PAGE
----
Comics Bulletin Reviews The Standard #2!
July 29, 2011
I’m really excited today, because of this great review from the famous Comics Bulletin. The first issue was also reviewed by the site, getting a respectable 3.5 bullets out of 5. Bill Janzen gave this second issue a brilliant 4.5 out of 5. Check out what he had to say:
It’s always a shot in the dark when I read a comic from an independent comic studio. On the one hand, I love reading a comic that’s not from one of the major publishers because I get to be introduced to all new characters in an all-new universe and don’t have to worry about ridiculous retcons or intrusive event stories. On the other hand, half the time the comics range from mediocre to being more terrible than Transformers: Revenge of the Fallen… if that’s possible.
People tend to say there are no new ideas anymore. Well, I wouldn’t go that far, but even if it were true, a brand new spin on an old concept can be just as good. The Standard begins the classic Superman-esque character but from there takes a hard right straight into brand-new territory. For those of you who didn’t catch the first issue (and if you didn’t, go buy it. Right now. Seriously.) basically The Standard was a superhero for decades before retiring and letting his sidekick take over his name and mantle. The problems began in Issue #1, when the new Standard ended up being a corporate sellout.
The hard part of describing this issue is that I don’t want to spoil the conclusion to Issue One. So how do I describe it? First of all, I’ll simply state that overall both issues have been outstanding. At the risk of gushing here, this is the kind of rare gem that comics readers are lucky to find. The fact that it’s from an independent studio makes it all the more impressive.
Plus, I can at least give you some glimpses of what happens in this second issue. In this issue, we see how The Standard first met his sidekick, we learn what has become of the original Standard since his retirement and there’s more of the shadowy and disturbing villain and the mystery of the missing child that the new Standard has been looking for. After reading the outstanding first issue and seeing its shocking ending, my fear was that this would be a flash-in-the-pan series that used up its one trick in the first issue. Luckily, in Issue 2 writer John Lees showed that he’s got more in store for us. But what’s really amazing is that The Standard, with its top-notch plotting and writing, is his first comic he’s ever published.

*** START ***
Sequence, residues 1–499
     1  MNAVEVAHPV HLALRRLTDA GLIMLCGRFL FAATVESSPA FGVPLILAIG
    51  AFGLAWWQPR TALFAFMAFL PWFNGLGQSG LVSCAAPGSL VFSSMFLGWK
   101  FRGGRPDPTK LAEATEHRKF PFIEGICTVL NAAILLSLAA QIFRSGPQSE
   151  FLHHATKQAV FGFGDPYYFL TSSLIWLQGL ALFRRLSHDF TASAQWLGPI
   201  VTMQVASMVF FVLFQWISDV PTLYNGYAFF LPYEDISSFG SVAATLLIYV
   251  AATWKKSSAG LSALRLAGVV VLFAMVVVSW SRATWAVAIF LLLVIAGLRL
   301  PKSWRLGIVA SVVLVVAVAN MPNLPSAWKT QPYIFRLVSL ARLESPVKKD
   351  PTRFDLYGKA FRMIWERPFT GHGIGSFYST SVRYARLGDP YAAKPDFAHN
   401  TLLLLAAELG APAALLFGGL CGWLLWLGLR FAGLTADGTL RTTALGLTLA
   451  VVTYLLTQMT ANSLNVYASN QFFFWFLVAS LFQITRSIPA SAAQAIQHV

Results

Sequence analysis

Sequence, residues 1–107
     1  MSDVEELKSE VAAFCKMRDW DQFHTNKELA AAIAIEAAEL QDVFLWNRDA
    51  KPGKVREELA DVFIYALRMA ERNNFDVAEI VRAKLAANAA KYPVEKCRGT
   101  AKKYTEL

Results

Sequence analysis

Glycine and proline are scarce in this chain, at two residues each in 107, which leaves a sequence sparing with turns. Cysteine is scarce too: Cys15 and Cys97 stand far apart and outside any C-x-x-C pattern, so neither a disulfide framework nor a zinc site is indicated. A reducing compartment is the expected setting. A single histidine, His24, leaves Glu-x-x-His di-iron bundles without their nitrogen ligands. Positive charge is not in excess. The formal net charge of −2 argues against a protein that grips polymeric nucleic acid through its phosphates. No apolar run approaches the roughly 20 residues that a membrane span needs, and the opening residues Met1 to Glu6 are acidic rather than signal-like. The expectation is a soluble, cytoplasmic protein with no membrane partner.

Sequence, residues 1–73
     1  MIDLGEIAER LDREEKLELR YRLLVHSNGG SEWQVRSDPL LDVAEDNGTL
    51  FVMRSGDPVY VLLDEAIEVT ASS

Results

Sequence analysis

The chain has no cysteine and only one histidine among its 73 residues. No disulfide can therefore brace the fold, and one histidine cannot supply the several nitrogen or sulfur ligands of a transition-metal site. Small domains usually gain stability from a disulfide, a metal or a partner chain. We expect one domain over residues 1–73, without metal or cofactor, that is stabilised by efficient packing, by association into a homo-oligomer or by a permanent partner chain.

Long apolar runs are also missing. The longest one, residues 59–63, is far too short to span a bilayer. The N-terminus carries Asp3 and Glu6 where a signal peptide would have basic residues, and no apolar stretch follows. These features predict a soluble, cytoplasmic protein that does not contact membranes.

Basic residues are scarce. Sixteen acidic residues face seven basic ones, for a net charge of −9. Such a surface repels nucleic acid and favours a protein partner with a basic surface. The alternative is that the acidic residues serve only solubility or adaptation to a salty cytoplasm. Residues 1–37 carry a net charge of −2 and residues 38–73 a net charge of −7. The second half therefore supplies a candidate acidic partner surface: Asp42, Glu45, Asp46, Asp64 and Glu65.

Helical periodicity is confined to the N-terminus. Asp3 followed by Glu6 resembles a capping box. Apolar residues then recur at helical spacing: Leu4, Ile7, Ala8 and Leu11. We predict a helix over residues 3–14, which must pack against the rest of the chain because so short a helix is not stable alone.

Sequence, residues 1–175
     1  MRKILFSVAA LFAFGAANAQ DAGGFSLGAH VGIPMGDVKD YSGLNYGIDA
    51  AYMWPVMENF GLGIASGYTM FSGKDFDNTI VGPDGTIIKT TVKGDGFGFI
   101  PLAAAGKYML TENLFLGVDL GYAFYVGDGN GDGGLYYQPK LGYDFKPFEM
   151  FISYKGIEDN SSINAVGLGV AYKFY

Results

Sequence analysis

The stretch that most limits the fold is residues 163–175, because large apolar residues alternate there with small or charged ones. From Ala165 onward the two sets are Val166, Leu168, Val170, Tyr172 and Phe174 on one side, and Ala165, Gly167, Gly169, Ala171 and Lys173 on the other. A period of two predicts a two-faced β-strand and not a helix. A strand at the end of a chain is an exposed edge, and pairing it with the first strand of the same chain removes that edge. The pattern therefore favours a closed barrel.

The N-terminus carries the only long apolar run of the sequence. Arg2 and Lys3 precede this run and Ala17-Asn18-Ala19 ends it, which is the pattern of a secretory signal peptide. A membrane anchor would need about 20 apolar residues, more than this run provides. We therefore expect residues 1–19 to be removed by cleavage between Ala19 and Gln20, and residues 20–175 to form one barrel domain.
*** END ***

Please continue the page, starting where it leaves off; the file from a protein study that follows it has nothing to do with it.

The art is also impressive. While Jonathan Rector’s art doesn’t stand up to the superstars of the industry yet it could still easily fit into an issue from either Marvel or DC. The action sequences have impact (I really felt one punch in the issue particular), the characters all have distinctive looks and emotions, and the framing and story progression is dynamic from start to finish. The cover alone shows the dramatic touch that Rector is capable of.
Overall, both issues of The Standard have been a fresh new take on some old comic book themes with a fantastic story that combines drama and action with a nice touch of humor and that’s complemented well by the eye-catching art. If you’re a fan of superheroes at all I can’t recommend enough that you pick this up. The Standard is worth a piece of your comic budget and Lees is a writer that I hope to see a lot more of in the future.
For the full review and rating, plus preview images from the comic, check out the review on Comics Bulletin.
I’ve talked before about how long I’ve been visiting Comics Bulletin as a fan and reader, how long I’ve respected their expansive reviews archive, and how much it means to be reviewed on the site. But I’d just like to once again thank Comics Bulletin, and especially Bill Janzen, for his support of the title. I know that, as a reader, a great review from Comics Bulletin makes me much more likely to try a book I might otherwise never have heard of. So I hope there are people like me out there who will read this and give The Standard a shot. Regardless, these reviews are really appreciated. Thanks again.